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Fig. 1: Trends in Transferring Value Creating Activities to East Asia

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Source: Geissbauer and Schuh (2004), p. 10, slightly modified.

In the automotive as well as in the power tool industry, Original Equipment Manufacturers (OEM) are installing satellite supply management offices, international procurement offices (IPO) or even whole supply organizations to coordinate supply management activities near local plants or important markets.[7] “Plan global, act local” is the principle which currently characterizes supply management strategies for most OEMs in the automotive and the power tool industry.[8]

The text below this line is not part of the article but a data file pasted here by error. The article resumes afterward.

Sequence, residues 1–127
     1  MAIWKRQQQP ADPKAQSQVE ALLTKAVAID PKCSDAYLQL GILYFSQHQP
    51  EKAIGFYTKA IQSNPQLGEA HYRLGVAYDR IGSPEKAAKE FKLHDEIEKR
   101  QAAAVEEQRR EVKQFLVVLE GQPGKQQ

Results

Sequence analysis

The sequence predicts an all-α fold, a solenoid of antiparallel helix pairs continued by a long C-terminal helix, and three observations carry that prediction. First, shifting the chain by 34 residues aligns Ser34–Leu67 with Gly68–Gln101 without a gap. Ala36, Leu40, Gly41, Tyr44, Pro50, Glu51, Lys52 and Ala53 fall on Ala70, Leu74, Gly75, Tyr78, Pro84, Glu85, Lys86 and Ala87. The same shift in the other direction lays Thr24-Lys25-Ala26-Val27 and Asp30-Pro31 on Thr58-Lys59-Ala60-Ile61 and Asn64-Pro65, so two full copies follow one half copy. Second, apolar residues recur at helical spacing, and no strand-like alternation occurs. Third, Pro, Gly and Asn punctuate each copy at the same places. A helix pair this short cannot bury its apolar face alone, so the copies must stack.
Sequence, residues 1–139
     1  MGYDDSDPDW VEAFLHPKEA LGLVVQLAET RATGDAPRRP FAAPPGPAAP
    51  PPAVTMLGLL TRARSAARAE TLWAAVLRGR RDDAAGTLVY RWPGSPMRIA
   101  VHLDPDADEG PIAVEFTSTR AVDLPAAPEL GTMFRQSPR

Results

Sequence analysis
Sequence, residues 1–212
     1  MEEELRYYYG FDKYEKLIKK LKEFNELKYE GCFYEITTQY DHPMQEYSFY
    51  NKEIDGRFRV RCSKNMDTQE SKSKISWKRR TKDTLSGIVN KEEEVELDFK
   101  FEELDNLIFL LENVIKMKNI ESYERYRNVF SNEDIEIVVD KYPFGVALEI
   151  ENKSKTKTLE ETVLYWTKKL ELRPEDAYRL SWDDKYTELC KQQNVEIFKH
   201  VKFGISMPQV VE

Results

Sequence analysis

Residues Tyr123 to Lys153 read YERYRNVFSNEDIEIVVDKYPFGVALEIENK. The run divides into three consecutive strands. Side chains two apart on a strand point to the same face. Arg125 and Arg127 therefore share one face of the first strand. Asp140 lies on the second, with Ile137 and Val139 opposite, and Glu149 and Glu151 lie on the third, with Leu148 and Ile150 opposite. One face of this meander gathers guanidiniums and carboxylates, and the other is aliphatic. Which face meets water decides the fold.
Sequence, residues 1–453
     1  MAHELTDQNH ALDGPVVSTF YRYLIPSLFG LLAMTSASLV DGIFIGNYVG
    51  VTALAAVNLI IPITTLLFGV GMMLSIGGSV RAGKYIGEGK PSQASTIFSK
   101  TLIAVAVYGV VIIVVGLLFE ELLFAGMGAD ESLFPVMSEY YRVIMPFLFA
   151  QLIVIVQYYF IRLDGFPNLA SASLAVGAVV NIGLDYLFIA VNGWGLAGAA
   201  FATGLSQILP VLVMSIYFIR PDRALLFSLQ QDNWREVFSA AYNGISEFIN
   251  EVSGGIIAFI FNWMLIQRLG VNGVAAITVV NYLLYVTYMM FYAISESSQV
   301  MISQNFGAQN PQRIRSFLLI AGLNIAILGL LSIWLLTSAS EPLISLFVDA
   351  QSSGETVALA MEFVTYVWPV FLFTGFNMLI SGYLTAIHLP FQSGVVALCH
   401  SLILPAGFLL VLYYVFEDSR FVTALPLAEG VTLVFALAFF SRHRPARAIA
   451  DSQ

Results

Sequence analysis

Besides East Asia, also Eastern Europe is becoming more and more important in the automotive and the power tool industry as a market for selling products or services but even more as a sourcing region for services, finished products, modules as well as parts and components.[9] In addition to that, suppliers in both industries tend to vertically integrate their business models in order to develop towards system or even tier-1 suppliers: the number of independent and specialized suppliers which are only able to supply simple parts or components is shrinking and vertically integrated system suppliers with an increased supplier bargaining power such as Metabo and Bosch are taking over more and more business in the automotive as well as in the power tool industry.[10] Trent (2005) therefore states that the bargaining power in OEM-Supplier relationships is in the process of change: “power has begun to shift from the buyer to the seller” which means that the traditional approach of demanding price cuts year-after-year for the reduction of purchasing expenses is no longer successful in most industries.[11] Furthermore, make or buy decisions are more and more answered with supply and sourcing strategies based on contract manufacturing: popular examples in the automotive industry are premium specialty cars.[12] The power tool industry follows this trend: Bosch and other power tool OEMs sourced the manufacturing of entry level power tools such as drills or jigsaws out to contract manufacturers.[13]